Benedict Huszar / Staff Reporter

On March 13th, a large group of mourners gathered at a park in South London to remember Sarah Everard, who was kidnapped and murdered on March 3rd by a serving police officer. 

On Monday, some people returned to the park to leave flowers, cards and candles, including the Duchess of Cambridge, who came to pay her respects. 

An independent investigation has been called to look into the murder as well as the police response to the vigil.

The vigil was broken up around 8:00 pm by London Police due to worries about Covid-19 exposures. However, clashes quickly broke out between police and mourners and people were shoved to the ground and handcuffed after refusing to disperse. 

Photos of female demonstrators being pinned to the ground by male police officers highlighted the violence many women still face. 

Sarah’s death is a stark reminder of the dangers that women face alone at night far too often. “Essentially women have a curfew now. As soon as it gets dark out, you either have to be with someone or you have to be home.” said one of the mourners.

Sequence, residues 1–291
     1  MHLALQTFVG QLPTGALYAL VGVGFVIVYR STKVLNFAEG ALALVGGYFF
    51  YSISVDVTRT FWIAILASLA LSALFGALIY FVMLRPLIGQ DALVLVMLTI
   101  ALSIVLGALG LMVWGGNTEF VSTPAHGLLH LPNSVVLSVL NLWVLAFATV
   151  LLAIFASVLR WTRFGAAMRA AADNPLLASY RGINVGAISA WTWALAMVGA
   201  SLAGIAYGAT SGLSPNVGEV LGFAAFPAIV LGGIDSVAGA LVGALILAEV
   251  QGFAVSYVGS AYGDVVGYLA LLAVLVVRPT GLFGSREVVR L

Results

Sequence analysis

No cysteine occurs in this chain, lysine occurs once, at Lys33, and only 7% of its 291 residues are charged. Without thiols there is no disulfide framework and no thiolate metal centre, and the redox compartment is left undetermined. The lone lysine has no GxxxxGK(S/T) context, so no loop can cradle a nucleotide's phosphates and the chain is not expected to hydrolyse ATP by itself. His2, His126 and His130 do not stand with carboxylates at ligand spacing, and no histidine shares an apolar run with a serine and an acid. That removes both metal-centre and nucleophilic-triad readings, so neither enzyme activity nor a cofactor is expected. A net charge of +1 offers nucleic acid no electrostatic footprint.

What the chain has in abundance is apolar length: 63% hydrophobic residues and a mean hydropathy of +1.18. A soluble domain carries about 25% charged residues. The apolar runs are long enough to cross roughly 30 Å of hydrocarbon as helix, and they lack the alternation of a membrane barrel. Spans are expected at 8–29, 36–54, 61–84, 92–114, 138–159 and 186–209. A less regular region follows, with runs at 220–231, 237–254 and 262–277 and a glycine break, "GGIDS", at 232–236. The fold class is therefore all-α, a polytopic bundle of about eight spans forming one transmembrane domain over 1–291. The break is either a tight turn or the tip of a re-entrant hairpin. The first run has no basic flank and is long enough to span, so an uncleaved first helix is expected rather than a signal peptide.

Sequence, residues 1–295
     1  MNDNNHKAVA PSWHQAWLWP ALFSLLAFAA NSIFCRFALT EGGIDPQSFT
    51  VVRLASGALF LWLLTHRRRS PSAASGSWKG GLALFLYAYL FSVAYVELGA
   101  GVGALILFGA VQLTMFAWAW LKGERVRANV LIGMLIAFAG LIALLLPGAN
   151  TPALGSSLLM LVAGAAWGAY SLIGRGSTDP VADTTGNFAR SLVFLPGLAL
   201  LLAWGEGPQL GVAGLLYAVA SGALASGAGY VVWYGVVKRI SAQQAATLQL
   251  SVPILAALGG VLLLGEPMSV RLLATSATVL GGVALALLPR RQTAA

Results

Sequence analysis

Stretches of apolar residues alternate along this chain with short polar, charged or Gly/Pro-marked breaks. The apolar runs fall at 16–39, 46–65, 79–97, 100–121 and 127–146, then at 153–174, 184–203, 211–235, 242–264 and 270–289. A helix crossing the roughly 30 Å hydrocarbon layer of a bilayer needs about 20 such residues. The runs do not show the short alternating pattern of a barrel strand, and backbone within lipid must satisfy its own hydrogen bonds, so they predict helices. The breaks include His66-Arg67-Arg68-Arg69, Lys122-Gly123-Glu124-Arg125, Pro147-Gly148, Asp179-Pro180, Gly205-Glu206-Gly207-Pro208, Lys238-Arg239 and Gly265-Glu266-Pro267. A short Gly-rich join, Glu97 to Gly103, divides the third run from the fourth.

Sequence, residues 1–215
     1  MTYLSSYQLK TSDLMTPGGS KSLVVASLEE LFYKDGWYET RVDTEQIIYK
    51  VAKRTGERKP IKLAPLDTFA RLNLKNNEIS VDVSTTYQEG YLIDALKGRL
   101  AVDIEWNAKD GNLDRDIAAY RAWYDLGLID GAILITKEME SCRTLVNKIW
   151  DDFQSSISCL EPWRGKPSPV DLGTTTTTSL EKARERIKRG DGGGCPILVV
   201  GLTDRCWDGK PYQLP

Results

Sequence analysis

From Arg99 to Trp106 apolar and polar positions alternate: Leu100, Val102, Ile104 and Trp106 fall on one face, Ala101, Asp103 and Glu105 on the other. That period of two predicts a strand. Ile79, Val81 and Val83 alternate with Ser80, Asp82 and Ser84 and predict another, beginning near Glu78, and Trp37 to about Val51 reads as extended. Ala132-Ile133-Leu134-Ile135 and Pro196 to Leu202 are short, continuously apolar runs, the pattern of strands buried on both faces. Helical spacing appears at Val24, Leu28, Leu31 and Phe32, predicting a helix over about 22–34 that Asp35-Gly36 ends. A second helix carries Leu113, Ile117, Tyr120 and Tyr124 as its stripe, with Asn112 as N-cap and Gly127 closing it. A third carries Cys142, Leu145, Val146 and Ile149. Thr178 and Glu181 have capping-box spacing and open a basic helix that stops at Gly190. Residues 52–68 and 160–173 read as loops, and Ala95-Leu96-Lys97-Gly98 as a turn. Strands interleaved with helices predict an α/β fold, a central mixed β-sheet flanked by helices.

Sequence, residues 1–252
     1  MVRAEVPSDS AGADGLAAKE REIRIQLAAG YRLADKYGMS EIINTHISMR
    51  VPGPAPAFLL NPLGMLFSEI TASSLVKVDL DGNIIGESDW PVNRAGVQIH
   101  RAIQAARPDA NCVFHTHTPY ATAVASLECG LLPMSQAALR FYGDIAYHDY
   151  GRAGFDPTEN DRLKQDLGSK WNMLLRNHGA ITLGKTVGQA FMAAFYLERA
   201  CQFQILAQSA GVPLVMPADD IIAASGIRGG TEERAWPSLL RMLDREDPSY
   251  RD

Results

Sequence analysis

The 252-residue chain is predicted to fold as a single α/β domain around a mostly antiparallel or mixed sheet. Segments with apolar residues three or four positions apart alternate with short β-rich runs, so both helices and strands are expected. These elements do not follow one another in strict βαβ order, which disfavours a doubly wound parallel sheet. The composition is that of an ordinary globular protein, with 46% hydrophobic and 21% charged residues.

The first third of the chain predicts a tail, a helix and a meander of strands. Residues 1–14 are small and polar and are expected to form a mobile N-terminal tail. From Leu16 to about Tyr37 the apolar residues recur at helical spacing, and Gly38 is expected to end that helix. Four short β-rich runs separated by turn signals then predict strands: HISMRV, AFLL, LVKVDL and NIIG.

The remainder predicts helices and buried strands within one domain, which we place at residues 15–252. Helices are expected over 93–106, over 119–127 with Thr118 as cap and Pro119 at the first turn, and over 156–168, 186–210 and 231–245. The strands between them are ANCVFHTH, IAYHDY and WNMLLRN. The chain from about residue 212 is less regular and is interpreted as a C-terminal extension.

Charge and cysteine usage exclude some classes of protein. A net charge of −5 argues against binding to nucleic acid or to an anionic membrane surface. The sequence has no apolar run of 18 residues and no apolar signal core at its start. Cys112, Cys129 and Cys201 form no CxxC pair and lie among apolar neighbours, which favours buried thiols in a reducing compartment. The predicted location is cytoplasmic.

Following the news of Sarah’s murder, many women have shared their stories of feeling scared and unsafe at night as well as being followed and cat-called. “We’re fed up of having to be worried all the time” stated an attendee at the vigil. 

In a call to step down, Metropolitan Police Commissioner, Cressida Dick said she shares the anger with protesters. “What happened to Sarah appalls me. As you know, I’m the first woman commissioner of the Met; (sic) perhaps it appalls me in a way, even more because of that. What happened makes me more determined, not less to lead my organization.” said Cressida Dick in response to the vigil, late March 13th. 

Members of the Metropolitan police force have spoken out in defence of their actions saying: “Now colleagues are being condemned by politicians of all parties for doing what we have been asked to do by politicians on behalf of society. This is not right or fair. Damned if we do. Damned if we don’t. Are we supposed to enforce Covid-19 regulations or not?” 

“We were placed in this situation because of the overriding need to protect people’s safety” stated Cressida, in defense of police actions at the vigil.